The MAC East will be decided Tuesday night. if Ohio wins, the Bobcats take the Division. If Ohio loses to Akron, then Miami (Oh) can take the division with a win over Ball State. Those two games are simultaneous, so there will be lots of scoreboard-watching at both of those games. Western Michigan would much rather face Ohio in the MAC Championship Game, as the Bobcats would be another team with a winning record on the schedule — of which WMU just has three so far (including Toledo this weekend). Speaking of which, Western Michigan will host Toledo on Friday evening, with the winner winning the MAC West.
Also on Friday, North Carolina hosts NC State. North Carolina needs a win and a Virginia Tech loss to Virginia (on Saturday) to win the ACC Coastal Division. If North Carolina loses, Virginia Tech clinches the division. There can actually be up to a four-way tie for the division between North Carolina, Virginia Tech, Pittsburgh, and Miami (Fl), but Virginia Tech has beaten all three of the others, so it wins every tiebreaker.
On Friday afternoon, Washington and Washington State will play in the Apple Cup for the Pac-12 North title. Meanwhile, Colorado hosts Utah on Saturday night. Colorado wins the Pac-12 South with a win in that game. If Colorado loses, then USC is the Pac-12 South champion.
The Big Ten has the most scenarios, so I’ll lay them out quickly. In the West, Nebraska needs a win against Iowa and for Minnesota to upset Wisconsin to win the West Division. If Wisconsin wins or Nebraska loses, the Badgers win the division. The division can also have up to a four-way at at 6-3 between Wisconsin, Nebraska, Iowa, and Minnesota, in which case Wisconsin would win the division (Wisconsin and Iowa would tie with a 2-1 record against the other two, after which head-to-head would kick in in Wisconsin’s favor). The Big Ten East is simpler. If Michigan beats Ohio State (noon Eastern, Saturday), the Wolverines win the division. If Ohio State wins, it depends on Penn State vs Michigan State (3:30 Eastern, Saturday). If the Nittany Lions win that game, they take the division. If they lose, the Buckeyes are division champs.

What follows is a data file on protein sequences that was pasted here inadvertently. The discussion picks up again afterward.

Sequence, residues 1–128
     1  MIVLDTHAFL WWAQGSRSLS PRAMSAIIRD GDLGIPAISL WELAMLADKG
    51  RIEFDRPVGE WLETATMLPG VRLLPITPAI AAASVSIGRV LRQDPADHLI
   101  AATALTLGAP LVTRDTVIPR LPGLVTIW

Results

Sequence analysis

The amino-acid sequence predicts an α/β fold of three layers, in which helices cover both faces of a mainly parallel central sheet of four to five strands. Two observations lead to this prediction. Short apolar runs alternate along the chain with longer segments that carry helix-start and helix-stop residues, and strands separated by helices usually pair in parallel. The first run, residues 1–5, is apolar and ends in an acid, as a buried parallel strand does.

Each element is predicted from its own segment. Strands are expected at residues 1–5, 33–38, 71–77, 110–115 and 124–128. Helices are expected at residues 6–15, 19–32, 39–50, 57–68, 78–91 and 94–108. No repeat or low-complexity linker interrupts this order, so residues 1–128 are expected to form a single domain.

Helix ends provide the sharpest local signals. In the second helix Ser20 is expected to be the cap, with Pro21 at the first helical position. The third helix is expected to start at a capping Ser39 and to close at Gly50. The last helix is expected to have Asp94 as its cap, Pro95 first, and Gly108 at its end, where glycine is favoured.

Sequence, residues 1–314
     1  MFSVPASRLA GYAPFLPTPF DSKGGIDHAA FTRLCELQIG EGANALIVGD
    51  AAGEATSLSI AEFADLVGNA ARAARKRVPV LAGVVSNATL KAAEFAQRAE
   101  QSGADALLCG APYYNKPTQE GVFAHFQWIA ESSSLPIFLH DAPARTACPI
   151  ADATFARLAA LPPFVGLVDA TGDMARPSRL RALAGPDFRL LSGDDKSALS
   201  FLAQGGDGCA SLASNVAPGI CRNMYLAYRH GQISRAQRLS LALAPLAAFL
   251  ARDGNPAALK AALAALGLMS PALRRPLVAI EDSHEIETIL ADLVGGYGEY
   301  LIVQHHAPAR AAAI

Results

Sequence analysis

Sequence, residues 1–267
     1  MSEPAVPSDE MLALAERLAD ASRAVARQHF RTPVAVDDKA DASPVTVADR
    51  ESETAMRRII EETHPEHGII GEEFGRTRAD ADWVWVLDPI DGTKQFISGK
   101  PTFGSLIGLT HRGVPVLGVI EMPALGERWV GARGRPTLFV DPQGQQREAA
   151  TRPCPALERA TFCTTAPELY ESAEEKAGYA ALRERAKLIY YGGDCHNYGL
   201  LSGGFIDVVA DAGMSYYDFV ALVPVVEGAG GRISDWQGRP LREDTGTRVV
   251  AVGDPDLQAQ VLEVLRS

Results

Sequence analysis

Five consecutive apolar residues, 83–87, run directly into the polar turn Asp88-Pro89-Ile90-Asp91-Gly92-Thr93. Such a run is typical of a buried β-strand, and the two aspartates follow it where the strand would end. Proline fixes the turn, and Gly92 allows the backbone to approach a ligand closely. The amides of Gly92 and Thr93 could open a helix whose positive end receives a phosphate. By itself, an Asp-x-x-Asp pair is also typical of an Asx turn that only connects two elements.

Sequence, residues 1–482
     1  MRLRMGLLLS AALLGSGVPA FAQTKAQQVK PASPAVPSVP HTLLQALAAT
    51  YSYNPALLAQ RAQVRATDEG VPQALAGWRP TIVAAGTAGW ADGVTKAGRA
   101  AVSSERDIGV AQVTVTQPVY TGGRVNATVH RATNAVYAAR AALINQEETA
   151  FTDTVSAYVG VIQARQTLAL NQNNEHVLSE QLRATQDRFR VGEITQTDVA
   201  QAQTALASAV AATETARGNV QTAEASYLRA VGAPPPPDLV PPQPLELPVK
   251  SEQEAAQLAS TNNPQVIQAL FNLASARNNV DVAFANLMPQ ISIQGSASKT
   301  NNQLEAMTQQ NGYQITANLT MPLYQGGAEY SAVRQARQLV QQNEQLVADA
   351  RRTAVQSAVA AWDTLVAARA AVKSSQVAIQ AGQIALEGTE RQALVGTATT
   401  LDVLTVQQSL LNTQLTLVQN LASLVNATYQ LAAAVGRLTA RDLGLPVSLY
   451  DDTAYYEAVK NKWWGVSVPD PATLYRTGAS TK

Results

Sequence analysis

One final game that has no conference implications can seriously affect the CFP. West Virginia visits Iowa State on Saturday afternoon. The Cyclones are coming off a huge win while the Mountaineers suffered a disheartening loss last week. An Iowa State win would remove the potential of any second ranked win from both Oklahoma and Oklahoma State. The Sooners’ Playoff hopes would take a serious hit if West Virginia loses this game, even though the Sooners are on a bye preparing for Bedlam.